Advocates across the country have raised these and other concerns regarding ICE’s detainer practices in formal comments submitted to the agency.19 The issues raised in these comments further underscore the ways in which ICE’s detainer practices exacerbate problems in the Secure Communities and CAP programs.
Serious need for clarity regarding local agency ability to control or limit participation in Secure Communities
In response to the concerns about the Secure Communities program, some communities have asked not to participate or to limit their participation. Yet, despite repeated public statements that participation in Secure Communities is voluntary, ICE has been unclear as to the procedure for opting out or limiting participation in the program. As a result, once the state signs an MOA with ICE, local agencies find themselves participating in the program whether they want to or not.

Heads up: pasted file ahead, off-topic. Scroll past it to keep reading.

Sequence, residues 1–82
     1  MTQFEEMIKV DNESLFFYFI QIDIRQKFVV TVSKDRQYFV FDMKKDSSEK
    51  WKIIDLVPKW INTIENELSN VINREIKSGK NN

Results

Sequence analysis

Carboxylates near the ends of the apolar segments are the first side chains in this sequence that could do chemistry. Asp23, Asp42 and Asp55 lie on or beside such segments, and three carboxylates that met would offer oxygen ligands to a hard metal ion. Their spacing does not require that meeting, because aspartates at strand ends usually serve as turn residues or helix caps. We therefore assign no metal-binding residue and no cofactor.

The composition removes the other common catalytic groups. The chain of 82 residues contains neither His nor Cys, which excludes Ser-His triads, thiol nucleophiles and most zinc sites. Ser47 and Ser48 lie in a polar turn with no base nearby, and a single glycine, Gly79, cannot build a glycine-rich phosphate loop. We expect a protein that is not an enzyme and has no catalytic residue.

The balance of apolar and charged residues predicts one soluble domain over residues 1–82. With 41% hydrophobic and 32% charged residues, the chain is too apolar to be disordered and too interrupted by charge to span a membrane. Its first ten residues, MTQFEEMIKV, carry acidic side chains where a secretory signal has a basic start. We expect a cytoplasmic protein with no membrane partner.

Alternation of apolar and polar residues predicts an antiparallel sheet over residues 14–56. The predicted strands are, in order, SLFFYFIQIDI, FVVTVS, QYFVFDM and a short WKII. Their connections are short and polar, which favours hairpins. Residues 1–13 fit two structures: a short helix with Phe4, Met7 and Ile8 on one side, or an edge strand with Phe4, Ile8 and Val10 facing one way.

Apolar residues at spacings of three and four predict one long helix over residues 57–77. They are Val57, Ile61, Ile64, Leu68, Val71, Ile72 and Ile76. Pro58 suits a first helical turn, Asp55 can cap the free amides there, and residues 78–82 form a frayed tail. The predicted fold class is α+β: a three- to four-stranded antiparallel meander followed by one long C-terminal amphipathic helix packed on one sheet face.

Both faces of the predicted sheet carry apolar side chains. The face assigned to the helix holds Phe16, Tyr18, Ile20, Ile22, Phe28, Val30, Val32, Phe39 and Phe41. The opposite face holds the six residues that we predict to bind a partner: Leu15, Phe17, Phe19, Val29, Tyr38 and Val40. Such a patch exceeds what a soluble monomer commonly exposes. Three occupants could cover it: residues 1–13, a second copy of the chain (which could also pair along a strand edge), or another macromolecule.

Several jurisdictions have recently voted to decline participating in, or “opt-out” of, the Secure Communities program, including San Francisco, Santa Clara, Arlington, and the District of Columbia. Yet, only one has been able to effectuate its request to opt-out whereas the others have instead been given the run-around from ICE. Originally, localities were told to direct their requests to the state identification bureau, the entity responsible for receiving the fingerprints and which signed the Secure Communities MOA with ICE. However, these efforts proved unsuccessful and localities were left with no answers about how to seize upon the supposed voluntary nature of this program. Efforts by members of Congress to obtain clarification about a local agency’s ability to decline or control participation in Secure Communities have been similarly frustrated. U.S. Representative Zoe Lofgren (Democrat-California), Chair of the House Judiciary Committee’s Subcommittee on Immigration, Citizenship, Refugees, Border Security and International Law wrote to Secretary of Homeland Security Janet Napolitano and U.S.